The Oxford Film Festival is, at this point, a staple of the town. What started as a completely volunteer-organized event spread across three screens has grown into a city-wide operation requiring year-round attention. Part of the tradition of the film festival is the yearly community film.
This year’s community film, Firemax, a story of what happens when a super hero has no crime to fight, was written and directed by Rory Ledbetter.
“I asked Melanie [Addington, producer] if she had anyone lined up to direct the film,” said Ledbetter. “She said no and I told her I wanted to write and direct it.”
Just like that the community film had a writer and director. The initial idea was to tell the story of a local legend.
“We wanted it to be really about Oxford,” said Ledbetter. “So we reached out for people to submit stories about themselves or their grandparents, just something that happened to them that was quintessentially Oxford. We got nothing.”
Fortunately inspiration came while Ledbetter and Addington were having drinks with friends at The Coop celebrating their friend Michael Ewing’s birthday.
“The idea evolved over drinks Michael, who is in the film, mentioned that he could lift his entire body up [with his fingertips] and demonstrated it,” said Addington. “We were impressed and recalled our friend Max could breathe fire and thought we might have the makings of a film.”
From there it was a matter carving out a story for Firemax.
“We thought, okay he’s a super hero that breathes fire,” said Ledbetter. “But Oxford doesn’t have any crime.”
The two then realized that the movie was about what a super hero would do without any crime.
With the film’s idea fully formed, it was time to get the community involved.
“We knew we wanted to use as much of the community as possible,” said Ledbetter. “The very first community film, The Hanging of Big Todd Wade, had tons of community and lots of cameo lines. We wanted to recreate that.”
What better way to get everyone involved than to make them superheroes?
“We reached out on Facebook and asked what your Oxford superpower would be,” said Ledbetter. “Not gifted ones like Spiderman, things that you can do or your friends can do that blow your mind.”
Among the list of brainstormed super powers were getting a tooth pick to stick to the roof in Ajax, always being able to find a meter on the Square with money already in it, or successfully navigate the roundabout on Old Taylor Road.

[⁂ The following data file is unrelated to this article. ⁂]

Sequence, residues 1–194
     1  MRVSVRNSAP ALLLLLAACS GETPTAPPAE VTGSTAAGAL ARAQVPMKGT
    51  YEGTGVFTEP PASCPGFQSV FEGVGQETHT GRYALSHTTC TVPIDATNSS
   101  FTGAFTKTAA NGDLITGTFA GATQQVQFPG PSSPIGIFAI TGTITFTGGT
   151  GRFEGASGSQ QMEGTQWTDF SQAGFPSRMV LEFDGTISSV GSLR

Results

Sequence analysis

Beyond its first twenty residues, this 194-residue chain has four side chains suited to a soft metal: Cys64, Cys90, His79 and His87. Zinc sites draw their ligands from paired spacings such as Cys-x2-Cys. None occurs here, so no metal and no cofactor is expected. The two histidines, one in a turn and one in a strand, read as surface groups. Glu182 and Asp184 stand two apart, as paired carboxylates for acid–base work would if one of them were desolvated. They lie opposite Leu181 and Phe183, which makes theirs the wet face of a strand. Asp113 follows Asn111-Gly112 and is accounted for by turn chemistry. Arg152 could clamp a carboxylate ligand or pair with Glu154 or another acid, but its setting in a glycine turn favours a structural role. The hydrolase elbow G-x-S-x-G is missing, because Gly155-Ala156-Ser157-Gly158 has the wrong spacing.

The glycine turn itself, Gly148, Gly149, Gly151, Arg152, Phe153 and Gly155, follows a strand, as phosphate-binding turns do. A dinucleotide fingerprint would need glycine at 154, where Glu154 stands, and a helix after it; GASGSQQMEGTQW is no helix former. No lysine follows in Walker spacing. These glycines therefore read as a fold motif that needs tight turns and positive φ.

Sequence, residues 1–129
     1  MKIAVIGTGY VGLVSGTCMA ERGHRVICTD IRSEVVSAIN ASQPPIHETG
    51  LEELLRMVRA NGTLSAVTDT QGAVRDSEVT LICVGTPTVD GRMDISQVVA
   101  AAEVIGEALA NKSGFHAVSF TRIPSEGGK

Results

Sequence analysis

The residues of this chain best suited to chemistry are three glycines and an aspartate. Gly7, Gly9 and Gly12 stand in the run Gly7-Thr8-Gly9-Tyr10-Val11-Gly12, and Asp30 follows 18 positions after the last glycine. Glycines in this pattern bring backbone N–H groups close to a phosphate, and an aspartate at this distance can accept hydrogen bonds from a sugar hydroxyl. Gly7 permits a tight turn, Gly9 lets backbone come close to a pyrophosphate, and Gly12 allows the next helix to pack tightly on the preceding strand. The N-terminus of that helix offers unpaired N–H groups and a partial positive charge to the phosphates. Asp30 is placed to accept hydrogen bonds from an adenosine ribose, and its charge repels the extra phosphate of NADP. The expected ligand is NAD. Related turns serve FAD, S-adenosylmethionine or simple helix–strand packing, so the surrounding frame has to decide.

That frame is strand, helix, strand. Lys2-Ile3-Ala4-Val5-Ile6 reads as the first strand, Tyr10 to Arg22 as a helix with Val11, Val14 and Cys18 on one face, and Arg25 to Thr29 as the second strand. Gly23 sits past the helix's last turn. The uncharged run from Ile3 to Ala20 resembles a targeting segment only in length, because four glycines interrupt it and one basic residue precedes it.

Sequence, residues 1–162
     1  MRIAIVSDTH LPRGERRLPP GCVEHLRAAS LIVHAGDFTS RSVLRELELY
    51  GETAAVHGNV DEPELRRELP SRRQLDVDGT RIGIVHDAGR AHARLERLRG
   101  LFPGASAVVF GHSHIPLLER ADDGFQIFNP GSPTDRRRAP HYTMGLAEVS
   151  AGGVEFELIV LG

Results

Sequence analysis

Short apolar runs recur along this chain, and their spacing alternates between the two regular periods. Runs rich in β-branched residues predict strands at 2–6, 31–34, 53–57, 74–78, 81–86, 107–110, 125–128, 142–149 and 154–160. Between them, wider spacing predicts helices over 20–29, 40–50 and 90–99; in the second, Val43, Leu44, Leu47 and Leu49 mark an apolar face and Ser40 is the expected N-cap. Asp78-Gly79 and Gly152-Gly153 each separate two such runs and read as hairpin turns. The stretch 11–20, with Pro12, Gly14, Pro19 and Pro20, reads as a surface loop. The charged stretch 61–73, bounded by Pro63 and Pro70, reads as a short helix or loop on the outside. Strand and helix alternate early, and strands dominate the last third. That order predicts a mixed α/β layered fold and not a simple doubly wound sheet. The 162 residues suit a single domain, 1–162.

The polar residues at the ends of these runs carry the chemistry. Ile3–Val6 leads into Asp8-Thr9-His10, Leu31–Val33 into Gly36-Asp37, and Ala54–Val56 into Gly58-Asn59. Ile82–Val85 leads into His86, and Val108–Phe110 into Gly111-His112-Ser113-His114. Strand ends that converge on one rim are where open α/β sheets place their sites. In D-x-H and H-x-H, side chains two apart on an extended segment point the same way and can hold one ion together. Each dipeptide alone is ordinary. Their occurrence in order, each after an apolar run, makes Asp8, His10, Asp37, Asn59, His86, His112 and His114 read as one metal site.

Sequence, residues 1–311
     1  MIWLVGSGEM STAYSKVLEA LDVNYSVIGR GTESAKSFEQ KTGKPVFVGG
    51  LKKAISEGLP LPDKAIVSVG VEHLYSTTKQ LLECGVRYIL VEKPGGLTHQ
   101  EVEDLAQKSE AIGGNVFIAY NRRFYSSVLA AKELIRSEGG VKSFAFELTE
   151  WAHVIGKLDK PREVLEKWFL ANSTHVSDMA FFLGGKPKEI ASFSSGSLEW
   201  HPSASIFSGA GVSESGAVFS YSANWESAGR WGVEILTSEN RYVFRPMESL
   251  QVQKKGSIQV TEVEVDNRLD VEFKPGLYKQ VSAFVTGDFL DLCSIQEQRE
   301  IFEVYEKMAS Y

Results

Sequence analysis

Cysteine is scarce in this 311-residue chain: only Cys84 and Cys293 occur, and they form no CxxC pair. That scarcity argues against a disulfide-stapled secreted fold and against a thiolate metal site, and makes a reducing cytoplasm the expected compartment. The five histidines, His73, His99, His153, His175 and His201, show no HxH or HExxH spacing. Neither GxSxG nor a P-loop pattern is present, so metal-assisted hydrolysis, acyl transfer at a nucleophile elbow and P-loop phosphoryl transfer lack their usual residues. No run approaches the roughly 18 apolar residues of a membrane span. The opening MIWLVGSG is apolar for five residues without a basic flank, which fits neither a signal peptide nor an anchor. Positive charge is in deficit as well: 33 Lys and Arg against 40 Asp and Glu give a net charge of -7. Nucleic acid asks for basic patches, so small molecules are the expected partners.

“We auditioned everyone that wanted to be a part of it, and part of the audition was to improvise a super villain,” said Ledbetter. “After the auditions Melanie I decided to try to make roles for everyone that auditioned. We knew it might not happen but we were going to try.”
That decision made the script, they decided there would be a secret organization of super villains and they were going to blow up the courthouse and frame Firemax for it.
Filming took place in several locations across Oxford.
“Bottle Tree Bakery graciously donated their space and Shelter let us treat it as a staging area,” said Ledbetter. “One of the scenes had Firemax inside the courthouse—we had the permit to film—and no one showed up to let us in.”
The crew began reaching out to everyone they could think of who had access to somewhere that would look like the inside of a courthouse.
“We finally found Southside Gallery that has this really cool upstairs,” said Ledbetter. “Will, I believe he is the curating manager, said we could use it but if anyone comes up to look at the paintings we had to stop so that they could look at the paintings.”
Ledbetter agreed without hesitation and the manager assured them Sunday rarely brought people to the gallery.
“We’re down to the wire filming and filming and filming and a couple comes up, so we stop,” said Ledbetter. “Then two more people came up . . . in total I think we had to stop about seven times.”
Despite locked doors and art enthusiasts looking to enjoy their Sunday, Firemax is shot, edited, and ready to debut.
“I was proud to watch Rory Ledbetter, Derek Brown, and Taproot Audio Design put the finishing touches on the fillm,” said Addington. “While I know [Ledbetter] is impressive in the theater world, film may be his calling too!”